National News

Former Black Hawk helicopter pilot recalls surviving crash

Posted August 17

— As crews continue to search for missing soldiers after a Black Hawk helicopter crash near Kaena Point Tuesday night, an army veteran and former Black Hawk helicopter pilot remembers his experience surviving a helicopter crash in Afghanistan.

It's been a long time since Chris Marvin looked at his box of Army mementos. Aside from his awards and his old uniform, Marvin also keeps the rod that was once in his leg and the plates that were once in his arm. As Marvin looked through the box Wednesday afternoon, he pulled out a card that he kept with him the entire time he was in Afghanistan.

"There's a lot of power in prayer and this is something that kind of helped me through one of the toughest times in my life," said Marvin.

Before Marvin left for Afghanistan, his aunt gave him a card with the Prayer to St. Joseph. The card says-- whoever reads this prayer will never die a sudden death or fall into the hands of the enemy.

"I survived a helicopter crash in Afghanistan that was a significant crash, and not everyone on board survived the crash, I was very lucky," said Marvin.

Marvin said 15 people were on board the Black Hawk helicopter when it went down. One person died. It took Marvin years to heal from his injuries, but aside from the power of prayer, he credits a fellow pilot on board for saving the 14 survivors.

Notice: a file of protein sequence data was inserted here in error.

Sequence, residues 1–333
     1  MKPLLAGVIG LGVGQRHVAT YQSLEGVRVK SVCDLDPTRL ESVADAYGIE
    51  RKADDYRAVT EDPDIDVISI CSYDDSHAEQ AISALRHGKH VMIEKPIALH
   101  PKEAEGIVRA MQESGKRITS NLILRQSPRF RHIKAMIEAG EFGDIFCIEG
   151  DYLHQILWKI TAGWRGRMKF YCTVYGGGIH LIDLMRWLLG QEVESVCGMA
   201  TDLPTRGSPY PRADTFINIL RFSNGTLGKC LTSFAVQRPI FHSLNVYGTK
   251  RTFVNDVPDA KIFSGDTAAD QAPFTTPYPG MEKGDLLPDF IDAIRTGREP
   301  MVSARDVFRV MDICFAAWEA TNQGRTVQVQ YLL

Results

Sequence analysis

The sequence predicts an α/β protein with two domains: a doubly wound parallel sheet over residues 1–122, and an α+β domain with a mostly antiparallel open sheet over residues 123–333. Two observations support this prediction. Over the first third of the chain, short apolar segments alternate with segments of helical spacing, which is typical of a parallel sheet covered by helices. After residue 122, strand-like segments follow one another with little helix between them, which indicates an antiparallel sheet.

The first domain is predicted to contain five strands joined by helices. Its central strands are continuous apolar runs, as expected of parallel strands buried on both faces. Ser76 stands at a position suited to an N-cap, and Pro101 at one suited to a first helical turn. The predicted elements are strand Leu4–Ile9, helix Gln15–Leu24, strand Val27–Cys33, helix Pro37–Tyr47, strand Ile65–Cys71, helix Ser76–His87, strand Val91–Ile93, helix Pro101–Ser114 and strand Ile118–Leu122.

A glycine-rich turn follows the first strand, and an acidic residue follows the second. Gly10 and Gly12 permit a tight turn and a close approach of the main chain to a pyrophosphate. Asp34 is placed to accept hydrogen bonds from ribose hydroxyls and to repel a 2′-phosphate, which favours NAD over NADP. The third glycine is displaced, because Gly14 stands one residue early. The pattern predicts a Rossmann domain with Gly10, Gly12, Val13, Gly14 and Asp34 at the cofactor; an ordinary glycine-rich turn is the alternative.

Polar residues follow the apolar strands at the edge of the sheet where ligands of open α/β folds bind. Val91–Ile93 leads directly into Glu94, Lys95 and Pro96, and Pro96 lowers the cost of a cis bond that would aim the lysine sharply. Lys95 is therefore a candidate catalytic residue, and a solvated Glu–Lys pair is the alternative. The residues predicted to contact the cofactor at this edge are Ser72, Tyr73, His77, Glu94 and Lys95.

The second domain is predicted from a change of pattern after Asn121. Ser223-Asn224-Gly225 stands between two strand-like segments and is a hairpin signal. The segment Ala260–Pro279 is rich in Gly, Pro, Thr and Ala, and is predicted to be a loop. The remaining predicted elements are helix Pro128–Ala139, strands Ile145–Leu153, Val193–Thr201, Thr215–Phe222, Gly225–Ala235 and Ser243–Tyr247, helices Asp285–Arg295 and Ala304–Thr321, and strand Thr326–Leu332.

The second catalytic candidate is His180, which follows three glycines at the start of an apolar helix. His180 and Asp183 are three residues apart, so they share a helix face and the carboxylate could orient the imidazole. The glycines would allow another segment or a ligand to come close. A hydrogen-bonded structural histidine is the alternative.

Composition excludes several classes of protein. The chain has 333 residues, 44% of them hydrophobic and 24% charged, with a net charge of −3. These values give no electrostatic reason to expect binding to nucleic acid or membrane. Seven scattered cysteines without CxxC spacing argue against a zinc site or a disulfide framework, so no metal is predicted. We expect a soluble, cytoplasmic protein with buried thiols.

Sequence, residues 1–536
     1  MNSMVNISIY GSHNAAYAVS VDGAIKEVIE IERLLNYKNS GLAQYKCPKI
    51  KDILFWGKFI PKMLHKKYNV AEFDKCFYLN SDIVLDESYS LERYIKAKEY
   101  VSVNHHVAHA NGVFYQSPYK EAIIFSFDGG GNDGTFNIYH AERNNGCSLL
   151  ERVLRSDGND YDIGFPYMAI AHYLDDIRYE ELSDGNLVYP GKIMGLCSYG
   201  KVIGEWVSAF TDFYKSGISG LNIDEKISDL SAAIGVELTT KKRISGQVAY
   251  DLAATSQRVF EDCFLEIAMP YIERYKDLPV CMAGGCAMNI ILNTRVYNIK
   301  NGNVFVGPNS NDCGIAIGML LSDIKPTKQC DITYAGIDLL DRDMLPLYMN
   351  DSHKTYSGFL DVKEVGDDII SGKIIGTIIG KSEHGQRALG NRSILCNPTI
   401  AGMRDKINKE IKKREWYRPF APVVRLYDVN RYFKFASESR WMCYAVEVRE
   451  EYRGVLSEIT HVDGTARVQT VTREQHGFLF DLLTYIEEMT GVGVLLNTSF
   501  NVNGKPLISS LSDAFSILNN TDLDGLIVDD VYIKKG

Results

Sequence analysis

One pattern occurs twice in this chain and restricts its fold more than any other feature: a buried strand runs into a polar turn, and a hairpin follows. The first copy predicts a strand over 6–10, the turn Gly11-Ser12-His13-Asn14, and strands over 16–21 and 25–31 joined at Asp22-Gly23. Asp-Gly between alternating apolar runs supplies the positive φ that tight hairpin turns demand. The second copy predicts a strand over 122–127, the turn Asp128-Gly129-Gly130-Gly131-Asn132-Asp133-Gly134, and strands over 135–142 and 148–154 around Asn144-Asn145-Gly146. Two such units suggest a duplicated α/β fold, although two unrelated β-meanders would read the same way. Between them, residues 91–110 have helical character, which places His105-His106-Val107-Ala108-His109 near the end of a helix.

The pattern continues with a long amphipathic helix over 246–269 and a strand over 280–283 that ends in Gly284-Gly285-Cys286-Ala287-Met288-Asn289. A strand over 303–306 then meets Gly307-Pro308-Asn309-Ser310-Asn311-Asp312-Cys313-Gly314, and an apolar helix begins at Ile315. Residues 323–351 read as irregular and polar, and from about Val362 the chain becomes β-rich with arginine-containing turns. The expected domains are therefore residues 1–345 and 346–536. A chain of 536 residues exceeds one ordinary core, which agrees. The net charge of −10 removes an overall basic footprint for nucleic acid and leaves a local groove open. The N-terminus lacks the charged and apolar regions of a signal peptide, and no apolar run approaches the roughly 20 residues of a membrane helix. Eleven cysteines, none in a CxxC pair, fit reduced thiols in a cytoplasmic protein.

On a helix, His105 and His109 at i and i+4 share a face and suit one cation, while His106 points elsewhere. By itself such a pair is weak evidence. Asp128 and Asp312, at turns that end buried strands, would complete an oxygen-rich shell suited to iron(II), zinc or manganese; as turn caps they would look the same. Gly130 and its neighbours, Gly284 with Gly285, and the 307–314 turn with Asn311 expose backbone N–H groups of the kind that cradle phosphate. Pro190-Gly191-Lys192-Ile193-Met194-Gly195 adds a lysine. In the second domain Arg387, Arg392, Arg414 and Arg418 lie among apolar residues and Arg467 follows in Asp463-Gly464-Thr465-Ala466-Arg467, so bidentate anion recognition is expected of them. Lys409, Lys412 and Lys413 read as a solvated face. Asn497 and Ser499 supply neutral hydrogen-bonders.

"The reason I survived is the actions that were taken by the other pilot on the controls, he was able to bring down the aircraft in a way that saved numerous lives," said Marvin.

Marvin said what that pilot did goes back to training. In Hawaii, much of that training happens on Oahu's North Shore.

"Flying the North Shore is a regular training area for army helicopters based anywhere on Oahu, and there are a couple different challenges," explained Marvin, "number one-- flying over water is always a challenge, and in the military, aviation community they take special precautions when flying over water"

As a former Black Hawk helicopter pilot and platoon leader with 25th Infantry Division's Aviation Brigade, Marvin knows the challenges of flying in Hawaii. He trained on Oahu before his deployment.

"Any time you fly near mountainous terrain, both the unevenness of the terrain and level of light could be a challenge as well as where the wind interacts with the geographic features," said Marvin.

As officials search for the soldiers on board the Black Hawk that went down off Kaena Point, Marvin says it draws attention to the importance of giving members of the armed forces the tools they need to be safe and successful.

"The things that we tend to take for granted in the military is the importance of training, and especially the ability to have our pilots conduct the amount of training necessary and the hours that they need," said Marvin.

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